If the estimated cost of the repairs is less than 15 percent of the Maximum Claim Amount, the cost of the repairs may be paid for with funds from the reverse mortgage loan and completed after the reverse mortgage is made. A “Repair Set-Aside” will be established from the reverse mortgage proceeds to pay for the cost of the repairs. The homeowner will be responsible for getting the repairs completed in a timely manner.
Other closing costs that are commonly charged to a reverse mortgage borrower, which are the same for any type of mortgage, include:
- Credit report fee. Verifies any federal tax liens, or other judgments, handed down against the borrower. Cost: Generally between $10 to $20;
- Flood certification fee. Determines whether the property is located on a federally designated flood plain. Cost: Generally about $8 to $12;
- Escrow, settlement or closing fee. Generally includes a title search and various other required closing services. Cost: can range between $250 to $800 depending on your location;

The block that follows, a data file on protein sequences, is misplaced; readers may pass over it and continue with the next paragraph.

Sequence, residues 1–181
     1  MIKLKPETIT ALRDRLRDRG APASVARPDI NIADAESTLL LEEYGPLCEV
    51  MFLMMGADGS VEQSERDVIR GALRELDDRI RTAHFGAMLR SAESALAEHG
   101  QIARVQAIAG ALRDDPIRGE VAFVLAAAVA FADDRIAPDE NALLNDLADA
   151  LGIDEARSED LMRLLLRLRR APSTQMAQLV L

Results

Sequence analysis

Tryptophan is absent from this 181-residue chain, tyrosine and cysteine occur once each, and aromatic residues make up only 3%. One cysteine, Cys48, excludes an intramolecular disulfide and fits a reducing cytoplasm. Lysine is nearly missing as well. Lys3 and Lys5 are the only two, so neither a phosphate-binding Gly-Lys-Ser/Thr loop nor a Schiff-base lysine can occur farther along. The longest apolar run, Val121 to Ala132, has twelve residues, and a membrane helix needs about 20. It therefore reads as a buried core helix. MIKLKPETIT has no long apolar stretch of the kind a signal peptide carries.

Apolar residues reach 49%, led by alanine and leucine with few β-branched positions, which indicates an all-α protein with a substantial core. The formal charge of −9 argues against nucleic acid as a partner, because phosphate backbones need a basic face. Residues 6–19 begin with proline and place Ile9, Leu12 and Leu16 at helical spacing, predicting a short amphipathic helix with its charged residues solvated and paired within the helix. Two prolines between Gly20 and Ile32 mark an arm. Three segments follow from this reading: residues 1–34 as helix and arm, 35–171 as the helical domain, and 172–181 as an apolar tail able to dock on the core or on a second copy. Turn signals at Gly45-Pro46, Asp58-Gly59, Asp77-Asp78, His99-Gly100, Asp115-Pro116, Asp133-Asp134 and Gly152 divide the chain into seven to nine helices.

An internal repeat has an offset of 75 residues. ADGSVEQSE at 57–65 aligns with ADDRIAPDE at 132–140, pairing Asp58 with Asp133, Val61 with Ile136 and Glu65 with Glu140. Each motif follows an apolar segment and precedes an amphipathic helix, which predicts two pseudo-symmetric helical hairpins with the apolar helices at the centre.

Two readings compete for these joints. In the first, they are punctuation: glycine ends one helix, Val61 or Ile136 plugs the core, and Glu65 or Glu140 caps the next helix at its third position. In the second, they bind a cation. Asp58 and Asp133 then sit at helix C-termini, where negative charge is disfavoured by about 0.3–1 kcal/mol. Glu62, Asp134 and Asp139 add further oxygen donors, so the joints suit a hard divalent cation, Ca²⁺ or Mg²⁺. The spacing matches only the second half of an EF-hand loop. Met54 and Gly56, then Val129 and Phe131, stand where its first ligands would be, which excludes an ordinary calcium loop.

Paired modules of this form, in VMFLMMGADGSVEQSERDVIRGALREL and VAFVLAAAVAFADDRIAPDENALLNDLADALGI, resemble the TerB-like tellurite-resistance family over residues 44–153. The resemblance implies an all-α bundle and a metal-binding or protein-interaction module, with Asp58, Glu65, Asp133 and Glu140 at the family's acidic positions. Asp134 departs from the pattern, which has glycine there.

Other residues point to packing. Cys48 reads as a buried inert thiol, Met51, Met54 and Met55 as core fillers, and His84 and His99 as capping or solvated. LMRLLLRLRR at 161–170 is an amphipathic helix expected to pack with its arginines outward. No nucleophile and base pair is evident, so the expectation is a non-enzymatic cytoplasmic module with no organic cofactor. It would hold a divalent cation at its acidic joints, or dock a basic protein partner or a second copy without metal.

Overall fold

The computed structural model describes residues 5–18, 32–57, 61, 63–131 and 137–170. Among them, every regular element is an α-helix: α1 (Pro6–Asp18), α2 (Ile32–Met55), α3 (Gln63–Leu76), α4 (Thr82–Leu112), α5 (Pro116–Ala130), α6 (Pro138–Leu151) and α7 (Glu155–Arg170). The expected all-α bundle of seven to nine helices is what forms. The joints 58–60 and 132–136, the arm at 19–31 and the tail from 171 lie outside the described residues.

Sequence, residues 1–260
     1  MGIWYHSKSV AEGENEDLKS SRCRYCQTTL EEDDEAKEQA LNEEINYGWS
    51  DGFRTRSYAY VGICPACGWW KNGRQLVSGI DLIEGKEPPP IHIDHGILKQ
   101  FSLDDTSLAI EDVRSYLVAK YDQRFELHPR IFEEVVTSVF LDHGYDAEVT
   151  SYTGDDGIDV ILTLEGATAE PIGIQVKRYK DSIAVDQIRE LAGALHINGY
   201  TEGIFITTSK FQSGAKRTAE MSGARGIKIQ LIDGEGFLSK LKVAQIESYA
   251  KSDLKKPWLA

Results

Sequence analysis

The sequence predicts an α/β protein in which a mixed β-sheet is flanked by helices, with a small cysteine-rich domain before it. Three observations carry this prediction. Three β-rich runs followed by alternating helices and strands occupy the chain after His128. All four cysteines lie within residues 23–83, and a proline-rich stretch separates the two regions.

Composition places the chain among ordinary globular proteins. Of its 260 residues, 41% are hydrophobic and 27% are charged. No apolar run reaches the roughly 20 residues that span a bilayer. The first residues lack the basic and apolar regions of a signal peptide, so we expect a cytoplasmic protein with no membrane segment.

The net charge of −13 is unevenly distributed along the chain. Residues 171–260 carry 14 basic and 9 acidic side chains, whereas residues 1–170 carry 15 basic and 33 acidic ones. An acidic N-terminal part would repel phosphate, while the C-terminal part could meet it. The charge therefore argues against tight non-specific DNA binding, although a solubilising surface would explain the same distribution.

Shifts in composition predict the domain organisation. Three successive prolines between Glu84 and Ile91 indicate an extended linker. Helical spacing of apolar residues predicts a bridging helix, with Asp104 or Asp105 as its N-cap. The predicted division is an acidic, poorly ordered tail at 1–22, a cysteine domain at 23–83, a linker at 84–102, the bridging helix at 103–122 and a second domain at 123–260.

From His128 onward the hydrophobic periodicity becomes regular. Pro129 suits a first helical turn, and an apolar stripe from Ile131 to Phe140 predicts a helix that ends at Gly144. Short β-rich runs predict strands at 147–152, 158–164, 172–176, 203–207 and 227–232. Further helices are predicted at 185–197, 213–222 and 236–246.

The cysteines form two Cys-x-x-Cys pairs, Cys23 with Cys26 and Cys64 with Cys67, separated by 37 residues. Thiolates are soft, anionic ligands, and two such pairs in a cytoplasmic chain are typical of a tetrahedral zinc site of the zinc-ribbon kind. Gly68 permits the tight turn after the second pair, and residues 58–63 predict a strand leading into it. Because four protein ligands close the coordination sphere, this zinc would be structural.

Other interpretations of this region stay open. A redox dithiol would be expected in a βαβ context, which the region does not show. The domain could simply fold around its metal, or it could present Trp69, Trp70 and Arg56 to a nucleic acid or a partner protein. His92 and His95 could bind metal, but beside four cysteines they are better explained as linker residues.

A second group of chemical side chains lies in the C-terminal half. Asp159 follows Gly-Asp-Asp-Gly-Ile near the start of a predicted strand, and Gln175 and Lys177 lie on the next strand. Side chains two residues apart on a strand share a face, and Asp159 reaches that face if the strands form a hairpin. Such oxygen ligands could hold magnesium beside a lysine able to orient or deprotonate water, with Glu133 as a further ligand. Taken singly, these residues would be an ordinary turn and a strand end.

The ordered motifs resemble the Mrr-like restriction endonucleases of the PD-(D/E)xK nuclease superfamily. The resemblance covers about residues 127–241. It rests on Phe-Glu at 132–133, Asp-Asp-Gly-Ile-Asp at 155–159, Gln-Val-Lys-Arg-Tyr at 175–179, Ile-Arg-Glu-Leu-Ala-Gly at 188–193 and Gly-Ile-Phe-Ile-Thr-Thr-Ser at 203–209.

- Document preparation fee. The fee charged to prepare the final closing documents, including the mortgage note and other recordable items. Cost: $125 to $150;
- Recording fee. The fee charged to record the mortgage lien with the County Recorder’s Office. Cost: can range between $50 to $250 depending on your location;
- Courier fee. Covers the cost of any overnight mailing of documents between the lender and the title company or loan investor. Cost: Generally under $30 to $75;
- Title insurance.Insurance that protects the lender(lender’s policy) or the buyer (owner’s policy) against any loss arising from disputes over ownership of a property. Varies by size of the loan, though in general, the larger the loan amount, the higher the cost of the title insurance;
- Pest Inspection. Determines whether the home is infested with any wood-destroying organisms, such as termites. Cost: Generally $100 to $150;
- Survey. Determines the official boundaries of the property. It’s typically ordered to make sure that any adjoining property has not inadvertently encroached on the reverse mortgage borrower’s property. Cost: Generally under $250